Monday, June 16, 2014

The Colours of Now









A freshly painted scarlet red door. A soccer-playing, novel-reading, goat-wrangling, music-composing, never-sleeping boy who is NINE! (William's sacred animal, painted on his poster, is the night owl.)

All this long, snowy, grey spring I made flamboyant cushions for the house. When I sew I tend to make endless variations of the same thing. We have limited seating here, so I wanted large floor cushions for little people chairs. They are also useful for whacking your brother's head....not too painful, just heavy enough to send him sprawling without actually damaging him. (I don't know this from personal experience mind you. Just the word on the street.)

Will is slowly goat-proofing our property with these beautiful wattle fences. I love baskets, so to me this is perfect: an extended basket all around the house! Thirty foot baskets! They're slow to make, unfortunately. We are still probably one year away from my requested shit-free zone around the house.

Most of our goats have lovely personalities, but we have one crazy goat who tries to barge into the house. She waits off to the side and as soon as the door opens a crack, she rams in, head down. It's seriously intimidating. Especially to guests under four feet tall. But the boys love it, let me tell you! Up goes the cry: GOAT IN THE HOUSE! They dance around in delight while Will or I throw her out with some robust Anglo-Saxon language. (Which the children quote back to us later. Woops! No point in denying...) You can see why I'm anxious to get those fences done. I need peace, man!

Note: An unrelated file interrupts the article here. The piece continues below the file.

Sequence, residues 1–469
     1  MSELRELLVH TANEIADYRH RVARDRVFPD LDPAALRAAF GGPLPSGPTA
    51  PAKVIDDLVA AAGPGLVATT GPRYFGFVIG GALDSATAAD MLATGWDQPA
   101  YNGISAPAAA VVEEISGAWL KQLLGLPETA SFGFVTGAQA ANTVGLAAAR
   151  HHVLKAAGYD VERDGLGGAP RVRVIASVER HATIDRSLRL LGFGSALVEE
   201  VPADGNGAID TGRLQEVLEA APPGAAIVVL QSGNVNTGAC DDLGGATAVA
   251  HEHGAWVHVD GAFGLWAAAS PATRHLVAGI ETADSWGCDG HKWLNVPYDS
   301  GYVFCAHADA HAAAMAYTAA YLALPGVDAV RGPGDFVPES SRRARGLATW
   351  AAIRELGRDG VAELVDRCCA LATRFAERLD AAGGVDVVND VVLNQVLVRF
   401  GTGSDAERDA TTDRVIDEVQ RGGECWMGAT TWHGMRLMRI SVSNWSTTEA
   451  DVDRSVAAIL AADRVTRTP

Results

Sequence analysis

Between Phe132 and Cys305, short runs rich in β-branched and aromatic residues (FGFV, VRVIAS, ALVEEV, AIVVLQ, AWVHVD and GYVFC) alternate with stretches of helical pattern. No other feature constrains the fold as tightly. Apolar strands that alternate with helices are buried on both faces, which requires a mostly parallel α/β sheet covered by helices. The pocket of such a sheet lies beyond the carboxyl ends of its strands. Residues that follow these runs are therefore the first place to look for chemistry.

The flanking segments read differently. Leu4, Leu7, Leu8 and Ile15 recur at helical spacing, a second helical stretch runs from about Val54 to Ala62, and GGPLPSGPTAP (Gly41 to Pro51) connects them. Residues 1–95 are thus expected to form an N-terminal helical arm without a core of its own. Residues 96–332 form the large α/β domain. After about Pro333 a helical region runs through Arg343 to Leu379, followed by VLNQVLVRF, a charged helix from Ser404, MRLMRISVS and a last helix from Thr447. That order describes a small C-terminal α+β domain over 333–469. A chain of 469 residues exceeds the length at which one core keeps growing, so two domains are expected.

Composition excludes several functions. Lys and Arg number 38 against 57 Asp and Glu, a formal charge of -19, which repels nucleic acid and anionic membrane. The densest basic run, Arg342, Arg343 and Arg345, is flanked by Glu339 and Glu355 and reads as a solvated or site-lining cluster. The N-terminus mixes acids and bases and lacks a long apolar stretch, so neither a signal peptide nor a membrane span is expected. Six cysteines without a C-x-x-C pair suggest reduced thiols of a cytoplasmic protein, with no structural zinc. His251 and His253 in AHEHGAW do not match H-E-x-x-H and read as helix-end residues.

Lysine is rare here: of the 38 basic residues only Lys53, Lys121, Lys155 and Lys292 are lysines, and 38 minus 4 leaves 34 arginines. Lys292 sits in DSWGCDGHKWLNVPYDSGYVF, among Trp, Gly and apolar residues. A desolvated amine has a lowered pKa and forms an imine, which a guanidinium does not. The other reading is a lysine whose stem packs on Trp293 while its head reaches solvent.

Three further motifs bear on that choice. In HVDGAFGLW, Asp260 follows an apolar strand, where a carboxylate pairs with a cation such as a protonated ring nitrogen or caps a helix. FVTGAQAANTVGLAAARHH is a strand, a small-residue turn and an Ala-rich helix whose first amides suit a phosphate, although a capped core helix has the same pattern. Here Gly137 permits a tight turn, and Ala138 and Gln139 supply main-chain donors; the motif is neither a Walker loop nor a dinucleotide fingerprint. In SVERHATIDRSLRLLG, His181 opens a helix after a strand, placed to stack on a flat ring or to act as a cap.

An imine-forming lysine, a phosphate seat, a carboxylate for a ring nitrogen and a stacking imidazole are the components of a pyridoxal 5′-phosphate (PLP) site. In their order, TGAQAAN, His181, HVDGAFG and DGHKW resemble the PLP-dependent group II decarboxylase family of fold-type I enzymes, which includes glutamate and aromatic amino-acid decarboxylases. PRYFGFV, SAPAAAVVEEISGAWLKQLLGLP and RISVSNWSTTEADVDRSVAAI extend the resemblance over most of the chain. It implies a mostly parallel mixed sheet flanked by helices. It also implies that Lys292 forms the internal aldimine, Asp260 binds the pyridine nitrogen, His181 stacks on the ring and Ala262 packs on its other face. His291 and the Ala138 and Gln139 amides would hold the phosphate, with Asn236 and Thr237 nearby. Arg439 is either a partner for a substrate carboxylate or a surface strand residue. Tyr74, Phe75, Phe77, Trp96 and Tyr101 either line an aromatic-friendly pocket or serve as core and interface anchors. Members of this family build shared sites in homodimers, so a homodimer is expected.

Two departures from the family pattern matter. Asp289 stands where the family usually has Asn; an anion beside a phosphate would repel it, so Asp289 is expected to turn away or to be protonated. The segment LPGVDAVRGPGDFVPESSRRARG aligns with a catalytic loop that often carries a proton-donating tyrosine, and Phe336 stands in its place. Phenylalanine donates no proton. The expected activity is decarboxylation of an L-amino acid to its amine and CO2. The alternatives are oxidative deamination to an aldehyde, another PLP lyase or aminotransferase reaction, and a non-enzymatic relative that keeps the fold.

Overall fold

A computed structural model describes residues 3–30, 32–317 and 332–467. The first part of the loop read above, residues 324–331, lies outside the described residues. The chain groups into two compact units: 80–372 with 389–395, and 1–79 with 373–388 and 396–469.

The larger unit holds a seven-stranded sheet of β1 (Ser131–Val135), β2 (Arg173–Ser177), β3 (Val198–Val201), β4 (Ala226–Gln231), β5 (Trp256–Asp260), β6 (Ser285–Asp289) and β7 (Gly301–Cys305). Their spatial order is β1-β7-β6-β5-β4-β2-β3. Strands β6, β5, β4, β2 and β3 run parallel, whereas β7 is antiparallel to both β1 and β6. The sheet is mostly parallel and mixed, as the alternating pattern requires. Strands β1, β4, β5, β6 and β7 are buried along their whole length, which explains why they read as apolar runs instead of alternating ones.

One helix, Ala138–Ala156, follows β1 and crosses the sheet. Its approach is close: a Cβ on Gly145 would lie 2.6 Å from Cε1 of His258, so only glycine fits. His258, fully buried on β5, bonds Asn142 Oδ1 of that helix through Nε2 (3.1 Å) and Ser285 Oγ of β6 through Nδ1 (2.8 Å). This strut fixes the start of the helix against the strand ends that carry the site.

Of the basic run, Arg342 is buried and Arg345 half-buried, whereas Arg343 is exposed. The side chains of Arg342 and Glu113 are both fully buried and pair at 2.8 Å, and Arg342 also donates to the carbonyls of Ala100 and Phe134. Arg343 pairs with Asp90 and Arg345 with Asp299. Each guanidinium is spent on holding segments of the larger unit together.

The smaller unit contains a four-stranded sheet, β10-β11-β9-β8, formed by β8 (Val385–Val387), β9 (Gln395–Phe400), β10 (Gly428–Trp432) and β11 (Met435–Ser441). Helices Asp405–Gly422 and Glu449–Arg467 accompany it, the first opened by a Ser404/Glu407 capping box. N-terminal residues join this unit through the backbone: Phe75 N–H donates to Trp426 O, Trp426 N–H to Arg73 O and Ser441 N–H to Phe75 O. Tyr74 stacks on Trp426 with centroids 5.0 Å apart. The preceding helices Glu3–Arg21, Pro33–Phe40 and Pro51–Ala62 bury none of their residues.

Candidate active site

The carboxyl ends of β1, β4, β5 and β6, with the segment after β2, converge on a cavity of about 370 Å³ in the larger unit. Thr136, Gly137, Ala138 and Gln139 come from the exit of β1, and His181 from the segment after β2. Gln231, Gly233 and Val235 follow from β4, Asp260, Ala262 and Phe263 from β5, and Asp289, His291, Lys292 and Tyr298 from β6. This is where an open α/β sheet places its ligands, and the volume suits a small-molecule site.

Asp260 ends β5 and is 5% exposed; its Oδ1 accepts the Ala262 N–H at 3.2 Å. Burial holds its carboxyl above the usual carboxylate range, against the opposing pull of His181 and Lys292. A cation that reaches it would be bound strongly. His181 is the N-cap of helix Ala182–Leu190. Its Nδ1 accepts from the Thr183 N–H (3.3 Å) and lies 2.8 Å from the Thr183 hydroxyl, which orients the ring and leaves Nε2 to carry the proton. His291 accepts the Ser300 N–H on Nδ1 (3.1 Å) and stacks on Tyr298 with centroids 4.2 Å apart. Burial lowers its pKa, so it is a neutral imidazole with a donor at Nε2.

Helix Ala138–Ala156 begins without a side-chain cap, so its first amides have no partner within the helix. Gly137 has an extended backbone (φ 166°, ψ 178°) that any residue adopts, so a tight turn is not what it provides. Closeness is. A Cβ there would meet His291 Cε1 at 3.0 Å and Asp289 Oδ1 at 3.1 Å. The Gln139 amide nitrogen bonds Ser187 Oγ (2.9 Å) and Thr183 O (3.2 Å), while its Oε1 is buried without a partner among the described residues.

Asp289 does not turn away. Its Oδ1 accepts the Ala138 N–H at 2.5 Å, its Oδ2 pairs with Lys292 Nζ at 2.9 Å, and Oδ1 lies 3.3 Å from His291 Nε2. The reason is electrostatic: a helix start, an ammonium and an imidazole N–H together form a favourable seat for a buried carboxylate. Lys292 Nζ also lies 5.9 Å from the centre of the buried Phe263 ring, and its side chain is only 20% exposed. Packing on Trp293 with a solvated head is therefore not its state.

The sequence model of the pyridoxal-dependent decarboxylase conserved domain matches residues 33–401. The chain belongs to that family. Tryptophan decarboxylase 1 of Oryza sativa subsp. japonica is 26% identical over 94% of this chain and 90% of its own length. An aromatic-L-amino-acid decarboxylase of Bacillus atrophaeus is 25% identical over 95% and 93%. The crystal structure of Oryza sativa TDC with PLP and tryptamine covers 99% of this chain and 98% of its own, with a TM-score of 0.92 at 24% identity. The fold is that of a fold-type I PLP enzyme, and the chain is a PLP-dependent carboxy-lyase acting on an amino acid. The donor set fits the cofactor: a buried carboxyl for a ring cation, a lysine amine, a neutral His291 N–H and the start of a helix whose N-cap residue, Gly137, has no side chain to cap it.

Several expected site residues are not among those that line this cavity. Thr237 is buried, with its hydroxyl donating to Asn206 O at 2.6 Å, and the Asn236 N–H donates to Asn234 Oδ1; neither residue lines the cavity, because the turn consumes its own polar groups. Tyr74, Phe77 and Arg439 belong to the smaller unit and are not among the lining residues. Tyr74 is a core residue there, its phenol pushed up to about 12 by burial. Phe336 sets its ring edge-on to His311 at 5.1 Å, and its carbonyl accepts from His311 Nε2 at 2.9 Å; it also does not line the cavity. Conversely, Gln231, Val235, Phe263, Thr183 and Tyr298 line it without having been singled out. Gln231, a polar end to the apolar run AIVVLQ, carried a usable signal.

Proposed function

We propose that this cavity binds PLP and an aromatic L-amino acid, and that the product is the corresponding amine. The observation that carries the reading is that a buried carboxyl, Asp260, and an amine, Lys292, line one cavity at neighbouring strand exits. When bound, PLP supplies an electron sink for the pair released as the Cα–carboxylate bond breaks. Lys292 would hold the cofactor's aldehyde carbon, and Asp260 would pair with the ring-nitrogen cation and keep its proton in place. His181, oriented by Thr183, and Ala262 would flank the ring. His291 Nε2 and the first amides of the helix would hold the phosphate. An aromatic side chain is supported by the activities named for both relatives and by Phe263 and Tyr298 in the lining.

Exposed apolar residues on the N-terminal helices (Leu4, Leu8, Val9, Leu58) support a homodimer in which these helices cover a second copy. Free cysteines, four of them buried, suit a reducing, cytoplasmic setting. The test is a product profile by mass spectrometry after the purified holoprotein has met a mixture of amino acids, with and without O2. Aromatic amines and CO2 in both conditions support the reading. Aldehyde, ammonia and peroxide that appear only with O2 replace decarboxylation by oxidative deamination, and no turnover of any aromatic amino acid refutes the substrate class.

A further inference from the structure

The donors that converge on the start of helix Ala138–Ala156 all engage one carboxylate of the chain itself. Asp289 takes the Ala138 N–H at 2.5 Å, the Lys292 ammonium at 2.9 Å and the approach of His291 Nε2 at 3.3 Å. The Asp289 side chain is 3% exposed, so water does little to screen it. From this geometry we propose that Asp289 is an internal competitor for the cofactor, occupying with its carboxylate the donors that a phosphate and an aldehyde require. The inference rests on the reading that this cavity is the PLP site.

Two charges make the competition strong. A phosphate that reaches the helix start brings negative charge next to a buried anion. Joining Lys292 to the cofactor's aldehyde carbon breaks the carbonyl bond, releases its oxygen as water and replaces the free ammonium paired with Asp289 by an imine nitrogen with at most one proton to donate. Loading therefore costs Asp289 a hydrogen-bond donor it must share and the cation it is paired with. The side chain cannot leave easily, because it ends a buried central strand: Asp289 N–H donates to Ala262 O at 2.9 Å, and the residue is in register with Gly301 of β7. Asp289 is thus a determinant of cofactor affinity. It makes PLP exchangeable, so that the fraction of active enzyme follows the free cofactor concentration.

Monday, June 2, 2014

Fromage!



The unwrapping of our very first goat cheese was the big thrill of this week. I can't remember if I've rhapsodized on the loveliness of our goat's milk, but it's enough to say that it doesn't taste like goat! (Which is pretty bloody fantastic.) It tastes sweet and fresh, I'd say something between milk and coffee cream. So it's no surprise that the cheese is also sweet.


Cottage cheese (quick, unfermented, ricotta-like) can be made in under two hours but we hung ours overnight yielding a firm little loaf with a rubbery texture like true mozzarella. (The Italian kind that doesn't melt, just bakes.) 




 We used lemon juice for the curdling, so it was a lemony-salty-peppery goat cheese. It got six thumbs up from the Pembertons, plus an extra five from Rafe. It tasted amazing with maple syrup and pears. Or as Hugh would say, "pretty funking amazing"....






When I say "we" made cheese, by the way, I mean our agricultural labourer, Will, who's now the master dairy man. Rafe is weaned, so I guess he's no longer competing for that title.